There are two official software options to analyze the data: A desktop software program, and web-based one. Both did a good job of importing data from the reader. A USB cable is required (and supplied) to do this – the reader does not wirelessly connect. For Macintosh users with USB-C ports, the reader was able to connect with a simple converter.
The default carbohydrate load is 15 gm rather than 0 gm
I found it curious that when entering food information, the meter “assumes” a 15 gram carbohydrate load. The user must manually reduce this number 1 at a time until they get to the desired number. In a future iteration, the carbohydrate load would be assume to be 0 and the user would count up. I assume this is is the legacy of the high-carbohydrate regime of various national bodies created in the 20th Century…
The reader assumes a target average glucose level of 154 mg/dl
Based on a HbA1c target of 7.0%, this is the average glucose that will exist in your bloodstream, according to this software. Tables based on the work of Richard Bernstein, MD, give an average value of 172 mg/dl.
This is where experts disagree:
Hb-A1c = 7.0% is “fine” according to the American Diabetes Association, but it is “Horrible” on my table… greater than HbA1c = 7.5% is either “Deathly” or it is “Suicidal”…Source
In any event, the design is guided by the current paradigm. The device will not accept a median goal of HbA1c below 6.0% and will go as high as 8.5%, which in the Bernstein table is a dizzying 225 mg/dl median glucose level.
Afer a few days, the software will calculate an approximate HbA1c, which is nice (I’ll cover that when I go over my data)
The interesting thing is, there’s really no reference on what a glucose level should be for a non-diabetic person on a 24/7 basis. There’s this guidance from Bernstein:
“Keep Your Glucose Levels Tightly Controlled Between 70 and 100 mg/dl all day long, everyday… or else you will pay the consequences.”Source
Here’s what the meter comes preprogrammed with:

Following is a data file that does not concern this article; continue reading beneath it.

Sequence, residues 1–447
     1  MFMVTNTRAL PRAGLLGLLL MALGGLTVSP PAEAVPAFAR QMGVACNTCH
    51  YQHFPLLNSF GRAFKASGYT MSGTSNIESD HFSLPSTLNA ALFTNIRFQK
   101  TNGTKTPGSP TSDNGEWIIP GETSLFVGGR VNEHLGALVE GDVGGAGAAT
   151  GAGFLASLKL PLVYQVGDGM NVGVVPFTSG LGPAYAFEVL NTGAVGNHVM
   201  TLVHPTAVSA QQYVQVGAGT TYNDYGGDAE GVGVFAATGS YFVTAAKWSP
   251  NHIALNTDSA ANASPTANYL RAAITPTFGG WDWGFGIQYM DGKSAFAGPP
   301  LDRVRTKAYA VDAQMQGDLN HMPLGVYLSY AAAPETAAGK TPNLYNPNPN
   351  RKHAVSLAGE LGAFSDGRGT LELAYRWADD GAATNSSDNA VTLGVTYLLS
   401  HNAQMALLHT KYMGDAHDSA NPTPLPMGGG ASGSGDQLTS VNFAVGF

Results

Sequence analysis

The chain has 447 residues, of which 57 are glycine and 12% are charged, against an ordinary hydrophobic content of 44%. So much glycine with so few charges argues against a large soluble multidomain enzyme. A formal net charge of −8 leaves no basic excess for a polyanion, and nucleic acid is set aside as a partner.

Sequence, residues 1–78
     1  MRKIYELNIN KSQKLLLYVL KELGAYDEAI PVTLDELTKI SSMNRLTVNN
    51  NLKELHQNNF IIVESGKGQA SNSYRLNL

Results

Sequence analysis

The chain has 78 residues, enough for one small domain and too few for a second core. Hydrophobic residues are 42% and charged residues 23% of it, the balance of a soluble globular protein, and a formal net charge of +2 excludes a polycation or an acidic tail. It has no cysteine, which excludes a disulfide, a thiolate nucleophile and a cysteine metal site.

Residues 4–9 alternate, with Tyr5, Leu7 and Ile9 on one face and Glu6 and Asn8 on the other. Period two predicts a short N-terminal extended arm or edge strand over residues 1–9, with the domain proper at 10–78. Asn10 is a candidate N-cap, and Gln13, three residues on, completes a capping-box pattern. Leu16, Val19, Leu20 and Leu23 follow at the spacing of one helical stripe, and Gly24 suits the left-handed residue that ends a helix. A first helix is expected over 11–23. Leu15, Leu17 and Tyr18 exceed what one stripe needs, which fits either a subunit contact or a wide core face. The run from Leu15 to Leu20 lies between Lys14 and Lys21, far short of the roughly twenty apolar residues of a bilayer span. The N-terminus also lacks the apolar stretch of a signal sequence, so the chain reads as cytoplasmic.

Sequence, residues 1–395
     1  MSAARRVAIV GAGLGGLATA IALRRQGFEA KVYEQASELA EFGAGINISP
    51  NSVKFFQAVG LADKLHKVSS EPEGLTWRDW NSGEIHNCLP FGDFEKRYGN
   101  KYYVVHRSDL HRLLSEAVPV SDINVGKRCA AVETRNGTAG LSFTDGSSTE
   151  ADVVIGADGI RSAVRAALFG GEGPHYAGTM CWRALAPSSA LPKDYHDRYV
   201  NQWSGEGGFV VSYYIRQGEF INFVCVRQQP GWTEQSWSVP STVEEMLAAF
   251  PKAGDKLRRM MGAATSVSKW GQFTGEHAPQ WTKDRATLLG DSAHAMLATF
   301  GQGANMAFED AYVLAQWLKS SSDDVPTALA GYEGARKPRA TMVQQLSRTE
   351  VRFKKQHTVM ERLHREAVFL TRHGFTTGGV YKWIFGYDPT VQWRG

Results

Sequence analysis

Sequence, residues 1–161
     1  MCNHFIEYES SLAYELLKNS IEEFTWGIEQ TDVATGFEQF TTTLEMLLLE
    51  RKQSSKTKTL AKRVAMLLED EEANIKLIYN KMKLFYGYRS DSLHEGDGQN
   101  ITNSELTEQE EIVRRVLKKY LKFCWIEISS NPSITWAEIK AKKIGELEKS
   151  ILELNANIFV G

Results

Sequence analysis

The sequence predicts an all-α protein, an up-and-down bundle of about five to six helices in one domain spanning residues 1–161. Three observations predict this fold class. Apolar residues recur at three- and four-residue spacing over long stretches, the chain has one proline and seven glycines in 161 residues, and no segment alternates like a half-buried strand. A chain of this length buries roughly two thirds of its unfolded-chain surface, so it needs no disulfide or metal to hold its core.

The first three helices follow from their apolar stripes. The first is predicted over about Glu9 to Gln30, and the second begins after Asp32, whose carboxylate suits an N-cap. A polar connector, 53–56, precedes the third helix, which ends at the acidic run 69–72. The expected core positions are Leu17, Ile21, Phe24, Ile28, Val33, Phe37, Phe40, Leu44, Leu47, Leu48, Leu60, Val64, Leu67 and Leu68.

Again, very different advice than what is given by the legacy organizations.
New Insights, Much Wonderment
To be able to see how your body regulates glucose is really a thing of wonder that we haven’t been able to do until now. As I’ll share in my next post, I was in awe of what the body can do, and do it well. At the same time, I am also in awe of the impact of the body failing to do what it needs to do well, and how serious a situation that can be, especially if worsened by the nutrition/advice given by the health profession(s).
I understand that things like ECGs are being integrated into the wearable world, but really, they don’t hold a candle to the impact of understanding one of the most important risk factors for health and life. This is especially true in a country where the majority (88%) of people with pre-diabetes don’t know they have it, and are therefore very likely to progress to fulminant diabetes.
It’s obvious that the work of this system happens in the sensor and the reader is more like an accessory. I can see a world where the circuitry in the reader is embedded within a mobile device and that part of the system won’t be necessary. I’m sure the engineers in Cupertino will be able to tell us what will happen to the sensor… 🙂
Should every human wear a continuous glucose monitor? I’m not sure. Should they wear it episodically to see how they’re doing? Maybe. Will these be integrated into wearable devices eventually anyway? Probably.
I may purchase another sensor around Halloween time. I decided not to test my pancreas with a large glucose load during this 10 days because I actually enjoy a real food, healthy fat diet, and prefer a nice relaxed metabolism :).
Feel free to ask questions or add comments in the comments.